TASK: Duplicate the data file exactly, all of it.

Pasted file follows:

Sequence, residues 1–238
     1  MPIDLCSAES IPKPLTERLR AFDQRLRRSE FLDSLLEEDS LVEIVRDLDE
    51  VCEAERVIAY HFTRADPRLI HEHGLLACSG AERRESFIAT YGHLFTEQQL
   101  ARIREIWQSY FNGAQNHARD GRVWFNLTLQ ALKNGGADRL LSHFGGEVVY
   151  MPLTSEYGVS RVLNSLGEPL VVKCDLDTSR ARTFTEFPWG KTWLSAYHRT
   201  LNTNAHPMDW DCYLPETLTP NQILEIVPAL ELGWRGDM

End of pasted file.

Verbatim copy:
Sequence, residues 1–238
     1  MPIDLCSAES IPKPLTERLR AFDQRLRRSE FLDSLLEEDS LVEIVRDLDE
    51  VCEAERVIAY HFTRADPRLI HEHGLLACSG AERRESFIAT YGHLFTEQQL
   101  ARIREIWQSY FNGAQNHARD GRVWFNLTLQ ALKNGGADRL LSHFGGEVVY
   151  MPLTSEYGVS RVLNSLGEPL VVKCDLDTSR ARTFTEFPWG KTWLSAYHRT
   201  LNTNAHPMDW DCYLPETLTP NQILEIVPAL ELGWRGDM